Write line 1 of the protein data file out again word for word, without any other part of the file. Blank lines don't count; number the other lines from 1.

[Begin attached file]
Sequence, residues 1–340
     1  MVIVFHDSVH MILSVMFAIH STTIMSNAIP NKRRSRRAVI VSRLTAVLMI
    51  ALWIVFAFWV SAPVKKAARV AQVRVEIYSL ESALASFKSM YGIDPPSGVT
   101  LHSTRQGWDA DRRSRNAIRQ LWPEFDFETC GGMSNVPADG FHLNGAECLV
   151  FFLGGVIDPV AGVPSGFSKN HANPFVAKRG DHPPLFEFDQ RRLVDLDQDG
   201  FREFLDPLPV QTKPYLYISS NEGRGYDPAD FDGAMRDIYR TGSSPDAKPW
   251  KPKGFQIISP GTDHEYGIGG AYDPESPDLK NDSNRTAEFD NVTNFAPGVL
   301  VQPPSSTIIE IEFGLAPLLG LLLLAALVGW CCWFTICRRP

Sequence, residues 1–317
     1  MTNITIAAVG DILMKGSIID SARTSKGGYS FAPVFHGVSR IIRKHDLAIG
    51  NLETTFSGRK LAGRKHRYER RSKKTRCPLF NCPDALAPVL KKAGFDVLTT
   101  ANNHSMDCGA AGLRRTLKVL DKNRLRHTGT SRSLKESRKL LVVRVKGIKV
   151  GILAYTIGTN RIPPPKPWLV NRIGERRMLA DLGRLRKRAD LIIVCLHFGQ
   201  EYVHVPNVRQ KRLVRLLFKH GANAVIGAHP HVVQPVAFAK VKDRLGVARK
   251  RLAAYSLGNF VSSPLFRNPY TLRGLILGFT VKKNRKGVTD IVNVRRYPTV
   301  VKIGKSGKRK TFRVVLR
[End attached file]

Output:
Sequence, residues 1–340